Father speaks out after son struck by 'celebratory gunfire' at Oakland Coliseum on 4th of July

A father whose son was struck by celebratory gunfire on the Fourth of July at the Oakland Coliseum is speaking out to spread awareness about what happened to their family.

Albert Cottrell IV and his family attended the Oakland A’s game at the Coliseum on July 4, and stayed to watch the fireworks show after the game. He and his family made their way onto the outfield with thousands of other people to sit on blankets and watch the fireworks.

As the lights went out and the show began, Cottrell noticed his 11-year-old son rocking back and forth. The boy said, ‘Something hit me. I got hit. Something hit  me.’"

A bullet about the size of a quarter was lodged in the boy’s arm. Cottrell saw a hole on the shoulder of his son's jacket and blood on the shirt before realizing his son had been shot.

"In my mind, I don't know if there's an active shooter there… panic came in at that point," he said. "There's thousands of people with their blankets and because of sound of fireworks, no one else knew what was going on."

Cottrell pushed his way past security, flagged down an A's staffer, and called for help. Once in the ER, the boy's arm started to swell where the bullet came to rest after it traveled through his shoulder and stopped near his elbow. Cottrell said officers, EMTs, stadium ushers, and even a medical staffer all told him that celebratory gunfire in the neighborhood near the Oakland Coliseum happens every Fourth of July, but he had no idea.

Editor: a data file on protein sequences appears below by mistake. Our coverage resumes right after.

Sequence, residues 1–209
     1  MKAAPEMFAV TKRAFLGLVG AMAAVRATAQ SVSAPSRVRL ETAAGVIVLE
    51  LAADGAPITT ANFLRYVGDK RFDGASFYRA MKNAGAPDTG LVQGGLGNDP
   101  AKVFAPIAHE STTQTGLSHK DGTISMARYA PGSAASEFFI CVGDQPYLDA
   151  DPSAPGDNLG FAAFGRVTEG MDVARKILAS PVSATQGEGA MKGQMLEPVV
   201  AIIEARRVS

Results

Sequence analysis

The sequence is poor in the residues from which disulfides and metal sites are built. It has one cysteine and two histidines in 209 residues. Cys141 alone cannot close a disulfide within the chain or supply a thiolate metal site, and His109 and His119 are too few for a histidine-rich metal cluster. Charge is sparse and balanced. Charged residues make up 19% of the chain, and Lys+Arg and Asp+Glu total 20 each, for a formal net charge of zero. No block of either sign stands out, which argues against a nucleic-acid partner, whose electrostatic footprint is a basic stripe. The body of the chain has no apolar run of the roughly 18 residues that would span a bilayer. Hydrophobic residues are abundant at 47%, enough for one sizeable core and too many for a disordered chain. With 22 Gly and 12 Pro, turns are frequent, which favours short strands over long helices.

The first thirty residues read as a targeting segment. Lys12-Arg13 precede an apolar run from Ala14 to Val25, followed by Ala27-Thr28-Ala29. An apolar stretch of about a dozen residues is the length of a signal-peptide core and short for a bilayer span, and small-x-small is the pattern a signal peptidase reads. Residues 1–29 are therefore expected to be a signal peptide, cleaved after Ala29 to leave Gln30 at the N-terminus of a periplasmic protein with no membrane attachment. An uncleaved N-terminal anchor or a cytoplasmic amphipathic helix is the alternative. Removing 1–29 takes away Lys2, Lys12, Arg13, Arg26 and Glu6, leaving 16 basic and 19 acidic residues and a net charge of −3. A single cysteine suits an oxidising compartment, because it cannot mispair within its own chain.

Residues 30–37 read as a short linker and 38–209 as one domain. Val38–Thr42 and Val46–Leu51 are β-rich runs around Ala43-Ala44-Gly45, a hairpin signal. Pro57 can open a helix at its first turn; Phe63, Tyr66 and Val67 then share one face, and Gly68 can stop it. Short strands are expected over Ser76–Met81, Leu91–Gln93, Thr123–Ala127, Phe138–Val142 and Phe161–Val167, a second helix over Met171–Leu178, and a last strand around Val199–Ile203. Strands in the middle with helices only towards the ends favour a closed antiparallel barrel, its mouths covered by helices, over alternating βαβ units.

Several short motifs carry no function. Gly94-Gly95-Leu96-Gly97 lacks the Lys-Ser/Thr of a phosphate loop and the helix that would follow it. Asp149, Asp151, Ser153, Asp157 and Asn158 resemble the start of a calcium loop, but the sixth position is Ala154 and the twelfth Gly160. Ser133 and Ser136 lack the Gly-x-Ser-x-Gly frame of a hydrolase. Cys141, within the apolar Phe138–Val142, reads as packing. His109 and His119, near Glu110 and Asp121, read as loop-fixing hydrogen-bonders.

He’s calling on the A’s to offer a warning to future guests about the event.

"You got to warn people man, it's completely irresponsible and negligent," he said. "We are all blessed that there wasn't a fatality that happened that night."

Cottrell is also offended someone in A's management called to offer free tickets to a game within 24 hours of the incident. The 11-year-old was one of a handful of people hit by bullets or fragments from celebratory gunfire that police said may have been fired from an assault-style rifle, about a mile away from the stadium.

The 11-year-old is expected to make a full recovery.

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"He doesn't ever want to go back to the Coliseum again," Cottrell said. "He don't know exactly how this is going to affect him in the short and long run."

The A’s released the following statement on the incident:

"The safety of our fans, staff, and players is our first priority. we wish all those impacted by the July 4th incident speedy recoveries, both physically and emotionally. We have reached out to impacted families to offer support. Moving forward, we will continue our efforts to keep fans, staff, and players safe."